Effect of Clostridium difficile toxins A (A) and B (B) on adherence of Salmonella typhimurium, Proteus mirabilis, and Escherichia coli to Caco-2 enterocytes as measured by enzyme-linked immunosorbent assay (described in the "Materials and Methods" section). Asterisks indicate significance at P<.05. Values represent mean ± SE of at least 10 tissue culture wells.

Graphic Jump Location
ENTEROCYTE VIABILITY, MORPHOLOGY, AND FILAMENTOUS ACTIN

Pretreatment of Caco-2 cultures with 0, 1, 10, or 100 ng/mL of either toxin A or B had no apparent effect on viability, and enterocyte cultures were consistently 95% viable or higher. Wright-Giemsa staining showed noticeable separation of individual enterocytes, an effect that increased with increasing toxin concentrations (not shown). Ultrastructural observations of untreated (control) Caco-2 cultures showed confluent enterocytes with tightly apposed borders (Figure 5, A). Although ultrastructural alterations appeared more pronounced with toxin A, both toxins caused distortions in apical microvilli, enterocyte rounding, and individual cells separated from each other (Figure 5, B). Bacteria appeared preferentially adherent to distorted apical microvilli (Figure 5, C and D). Following incubation of enterocytes with toxin A or toxin B, staining with fluorescein-labeled phalloidin revealed alterations in distribution of filamentous actin (Figure 6), and these cytoskeletal alterations appeared more prominent with toxin A than toxin B.

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Figure 5.

Scanning electron micrographs of Caco-2 enterocytes showing ultrastructural effects of 16-hour incubation with 100 ng of Clostridium difficile toxin A. A, Untreated enterocytes with dense, relatively uniform apical microvilli and with individual enterocytes tightly apposed to each other. B, Rounding of toxin-treated enterocytes, with some adjacent enterocytes pulling apart from each other (arrows); microvilli appear elongated and distorted, with denuded enterocytes also evident. C, Preferential association of Escherichia coli with apical microvilli of toxin-treated enterocytes, with higher magnification (D) revealing E coli flagella (arrow) intimately entwined amongst microvilli. Scale bars: A and B, 10 µm; C, 5 µm; and D, 2 µm.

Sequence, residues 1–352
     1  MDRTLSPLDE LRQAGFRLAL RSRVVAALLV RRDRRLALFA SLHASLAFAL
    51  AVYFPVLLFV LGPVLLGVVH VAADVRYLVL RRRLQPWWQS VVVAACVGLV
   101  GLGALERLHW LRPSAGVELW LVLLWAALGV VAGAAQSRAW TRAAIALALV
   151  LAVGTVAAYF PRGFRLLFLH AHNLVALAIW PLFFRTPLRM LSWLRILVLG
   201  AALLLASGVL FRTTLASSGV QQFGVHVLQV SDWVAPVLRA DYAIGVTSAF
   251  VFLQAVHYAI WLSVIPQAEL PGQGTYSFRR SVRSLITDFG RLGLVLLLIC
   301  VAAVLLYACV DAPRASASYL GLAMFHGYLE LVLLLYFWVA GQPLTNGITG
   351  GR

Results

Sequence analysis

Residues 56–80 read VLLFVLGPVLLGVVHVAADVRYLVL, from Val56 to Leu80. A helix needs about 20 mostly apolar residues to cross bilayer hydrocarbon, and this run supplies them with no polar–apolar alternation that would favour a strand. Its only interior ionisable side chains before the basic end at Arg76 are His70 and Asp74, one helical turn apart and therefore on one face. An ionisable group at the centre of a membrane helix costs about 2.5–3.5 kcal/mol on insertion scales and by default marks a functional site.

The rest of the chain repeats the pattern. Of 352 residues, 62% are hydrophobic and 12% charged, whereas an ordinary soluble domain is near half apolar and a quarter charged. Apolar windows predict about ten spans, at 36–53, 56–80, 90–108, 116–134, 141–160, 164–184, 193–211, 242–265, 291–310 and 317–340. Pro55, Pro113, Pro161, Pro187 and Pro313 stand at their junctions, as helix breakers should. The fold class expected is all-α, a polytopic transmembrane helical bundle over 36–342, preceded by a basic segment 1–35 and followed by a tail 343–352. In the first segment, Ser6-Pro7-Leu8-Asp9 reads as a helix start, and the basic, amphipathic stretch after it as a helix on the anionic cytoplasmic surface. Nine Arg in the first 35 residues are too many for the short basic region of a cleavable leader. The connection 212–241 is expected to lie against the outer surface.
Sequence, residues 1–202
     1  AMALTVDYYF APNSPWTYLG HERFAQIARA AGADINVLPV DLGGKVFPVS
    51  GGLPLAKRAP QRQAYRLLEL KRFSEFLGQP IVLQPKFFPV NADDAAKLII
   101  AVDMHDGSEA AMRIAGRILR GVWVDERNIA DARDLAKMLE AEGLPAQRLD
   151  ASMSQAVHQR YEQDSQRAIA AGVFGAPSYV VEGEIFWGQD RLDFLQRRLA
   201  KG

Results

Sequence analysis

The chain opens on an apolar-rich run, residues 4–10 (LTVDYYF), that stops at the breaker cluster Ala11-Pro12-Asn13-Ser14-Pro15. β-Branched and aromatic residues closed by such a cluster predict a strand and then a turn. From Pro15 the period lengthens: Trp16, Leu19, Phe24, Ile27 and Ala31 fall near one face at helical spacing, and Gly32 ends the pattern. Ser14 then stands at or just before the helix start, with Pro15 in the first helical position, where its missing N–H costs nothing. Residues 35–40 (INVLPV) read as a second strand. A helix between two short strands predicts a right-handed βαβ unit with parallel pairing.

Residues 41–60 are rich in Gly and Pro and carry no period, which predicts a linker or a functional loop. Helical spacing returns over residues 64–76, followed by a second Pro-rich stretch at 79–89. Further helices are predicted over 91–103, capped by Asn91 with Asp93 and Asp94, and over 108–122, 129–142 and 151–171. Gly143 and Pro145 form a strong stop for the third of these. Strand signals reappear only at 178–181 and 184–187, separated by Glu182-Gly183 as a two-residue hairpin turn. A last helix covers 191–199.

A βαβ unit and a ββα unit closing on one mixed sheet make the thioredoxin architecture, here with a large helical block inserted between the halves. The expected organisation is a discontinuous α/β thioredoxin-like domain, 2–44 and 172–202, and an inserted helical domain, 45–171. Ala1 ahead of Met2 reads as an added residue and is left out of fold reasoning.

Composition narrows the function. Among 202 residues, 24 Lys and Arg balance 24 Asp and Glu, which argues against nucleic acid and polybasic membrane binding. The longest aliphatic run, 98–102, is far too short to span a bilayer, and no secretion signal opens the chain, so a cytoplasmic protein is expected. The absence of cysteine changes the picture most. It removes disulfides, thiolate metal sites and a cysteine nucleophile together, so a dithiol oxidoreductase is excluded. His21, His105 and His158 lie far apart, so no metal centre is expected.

Graphic Jump Location
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Figure 6.

Effect of 16-hour pretreatment with Clostridium difficile toxins on distribution of filamentous actin in Caco-2 cells, visualized by staining with fluorescein-labeled phalloidin. A, Untreated (control) Caco-2 cells showing relatively smooth distribution of actin within enterocytes, as well as in perijunctional areas (arrowheads). B and C, Enterocytes treated with either 10 ng/mL of toxin A (B) or 100 ng/mL of toxin B (C) revealing disruptions in actin distribution evident as focal accumulations and alterations in distribution of perijunctional (arrowheads).

Graphic Jump Location

Although exact mechanisms whereby C difficile toxins A and B damage intestinal epithelium are not completely understood, there is evidence that both toxins have direct and indirect effects in vivo. Direct effects, manifested as cytoskeletal damage and increased paracellular permeability, likely result from toxin binding, internalization, and intracellular enzymatic activity.2126 Directly, toxins A and B have been shown to damage human colonic explants19 as well as cultured enterocytes.11,12 Indirectly, studies involving ligated ileal loops in experimental animals have revealed that toxin A can activate lamina propria neuroimmune cells39 and cause infiltration of the submucosa by neutrophils.8 Chaves-Olarte et al40 recently suggested that the initial event in C difficile pathophysiology may be toxin A–induced activation of the enteric nervous system. This hypothesis assumes that toxin A binding to the intestinal mucosa results in signal transduction, resulting in secretion of proteins that signal neuroimmune cells to become effectors of inflammatory damage. Intracellular enzyme-mediated (glucosyltransferase) cytotoxicity then becomes important as a secondary mediator of damage.23,24